“I was hired for Fucking Machines,” Aaron Farmer, the five-year videographer and sometimes director at told us. They even have a machine shop in the armory, which while used for other purposes, also helps maintain the nearly 40 Fucking Machines on site, and even builds new ones.

Somewhere along the way, outsmarted us all, riding the wave of tech disruption that one day may affect us all. Let’s hope we’re ready.


Why Muni won’t earn a dime off the tech buses


Every day mammoth private buses squeeze into San Francisco public bus stops, and every day they contribute to the delay of countless Muni buses. Riders walk around the Google, Apple and Genentech luxury rides and into the street to board their grimy, underfunded public transit system. 

Now finally, the mayor has announced the near-approaching implementation of a pilot program to permit and regulate the tech industry’s private coaches. If approved by a vote from the SFMTA Board of Directors on Jan. 21, the pilot will begin. The only catch is, though they’ll charge those companies for the cost of implementing the program, the San Francisco Municipal Transportation Agency won’t make any money off of the tech shuttles.

The chronically underfunded Muni won’t get a lift from Google. Yesterday (Mon/6) we finally got an explanation as to why.

On the 8th floor of the SFMTA offices, the transit agency’s director Ed Reiskin told reporters that his hands were tied by California Proposition 218, which limits what new revenue municipalities can raise without voter approval.

“Only the voters of San Francisco can enact a tax that generates excess revenue,” he said. 

“This isn’t new,” Reiskin said, but he’s only half right. Though Prop. 218 was passed in 1996, this is the first time anyone at the MTA has touted it as a reason not to profit off of the tech shuttles.

We even asked Mayor Ed Lee this question just a month ago, and got a two-minute response that did not once include Prop. 218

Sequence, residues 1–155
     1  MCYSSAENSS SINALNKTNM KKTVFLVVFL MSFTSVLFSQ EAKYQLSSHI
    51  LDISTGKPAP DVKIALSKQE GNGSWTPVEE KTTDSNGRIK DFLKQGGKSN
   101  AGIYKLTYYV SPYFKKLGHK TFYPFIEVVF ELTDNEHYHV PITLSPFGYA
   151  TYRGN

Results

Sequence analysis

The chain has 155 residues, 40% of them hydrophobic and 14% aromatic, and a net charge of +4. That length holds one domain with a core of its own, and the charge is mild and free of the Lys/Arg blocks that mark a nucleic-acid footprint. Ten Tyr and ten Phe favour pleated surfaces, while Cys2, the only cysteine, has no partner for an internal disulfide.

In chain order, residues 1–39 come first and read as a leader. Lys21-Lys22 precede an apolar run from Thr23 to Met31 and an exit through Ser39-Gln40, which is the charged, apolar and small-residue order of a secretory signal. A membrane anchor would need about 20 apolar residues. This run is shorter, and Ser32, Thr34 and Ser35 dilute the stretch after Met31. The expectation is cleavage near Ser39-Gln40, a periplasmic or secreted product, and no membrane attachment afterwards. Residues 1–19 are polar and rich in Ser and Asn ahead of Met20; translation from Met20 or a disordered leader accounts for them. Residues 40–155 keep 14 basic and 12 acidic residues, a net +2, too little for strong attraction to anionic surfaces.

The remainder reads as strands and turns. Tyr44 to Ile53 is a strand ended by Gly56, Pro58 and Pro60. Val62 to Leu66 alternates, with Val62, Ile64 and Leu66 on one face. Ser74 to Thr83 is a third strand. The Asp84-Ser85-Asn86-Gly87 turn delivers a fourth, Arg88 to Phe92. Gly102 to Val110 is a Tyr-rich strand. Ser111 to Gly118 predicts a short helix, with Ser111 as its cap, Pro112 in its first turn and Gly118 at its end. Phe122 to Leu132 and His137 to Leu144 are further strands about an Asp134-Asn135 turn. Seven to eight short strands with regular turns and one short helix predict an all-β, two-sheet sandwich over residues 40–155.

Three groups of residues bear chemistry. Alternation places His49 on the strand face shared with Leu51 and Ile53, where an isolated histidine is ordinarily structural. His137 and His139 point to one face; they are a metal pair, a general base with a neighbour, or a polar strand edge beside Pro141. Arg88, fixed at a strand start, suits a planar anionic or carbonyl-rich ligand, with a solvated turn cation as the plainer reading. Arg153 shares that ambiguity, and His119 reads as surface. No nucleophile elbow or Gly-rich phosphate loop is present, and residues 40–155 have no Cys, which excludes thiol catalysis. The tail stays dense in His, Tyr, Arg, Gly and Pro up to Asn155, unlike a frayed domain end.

Part of this might have to do with the nebulous quality of Prop. 218. An implementation guide from the California Budget Analyst office puts it this way: “Proposition 218’s requirements span a large spectrum, including local initiatives, water standby charges, legal standards of proof, election procedures, and the calculation and use of sewer assessment revenues. Although the measure is quite detailed in many respects, some important provisions are not completely clear.”

The waters of Proposition 218 are murky: is the government charging for the use of Muni stops a fee or a tax? In that grey area lies the answer on whether the city truly can’t charge tech buses to help fix Muni, or if this is just political cover for a government who doesn’t want to piss off tech.

Tellingly, that’s pretty much what Reiskin said.

“There’s a lot of benefit these services (buses) are bringing to San Francisco,” Reiskin told us after the press conference. “We wanted to resolve the conflicts without killing the benefit.”

“I imagine if we sat down with them and said ‘we wanna start taxing you guys’ they’d say ‘screw it, we don’t want to do the shuttles.’”

The 18-month pilot will recoup an estimated $1.5 million, the estimated cost of the project, according to the SFMTA. The project would give approval for use of 200 Muni stops by private shutle providers, out of 2,500 Muni stops in the system. We’ve reached out to California’s budget analyst office to dig into Proposition 218. 


Bus riding tech workers respond to national spotlight on evictions


Evictions are rippling through San Francisco. Tensions are high. Tech workers with gobs of cash are driving up the rental market in what may be the newest tech bubble — or the city’s new reality. Protesters took to the street earlier this week, blocking a Google bus to draw attention to gentrification, and our video of a union organizer posing as a Google employee shouting down those protesters lit up the Internet

In the wake of that national spotlight on San Francisco’s outrage, the Bay Guardian decided to talk to the bus-riding techies themselves and ask how they felt about the new tech revolution. Are they at fault for displacing long time San Franciscans? What did they make of Monday’s outrage?

We returned to the scene of the protest, 24th and Valencia streets, where workers from Yahoo, Genentech, Google, and others line up at Muni stops to be whisked away in mammoth private buses. Most had hands in their pockets, turning away when asked questions. Others decided to talk, but none would go on the record with their names.

“We’re very aware of the sentiment in the city against us,” one tech worker with grey hair and glasses told us. “But hopefully this (protest) leads to a positive conversation.”

He said that the envy was understandable. Public transit in the city “isn’t the best,” he said, but pointing to any one company to be at fault isn’t productive. 

“Our economy lacks upward mobility, and the haves and have-nots are divided all over the country,” he said, not just in San Francisco.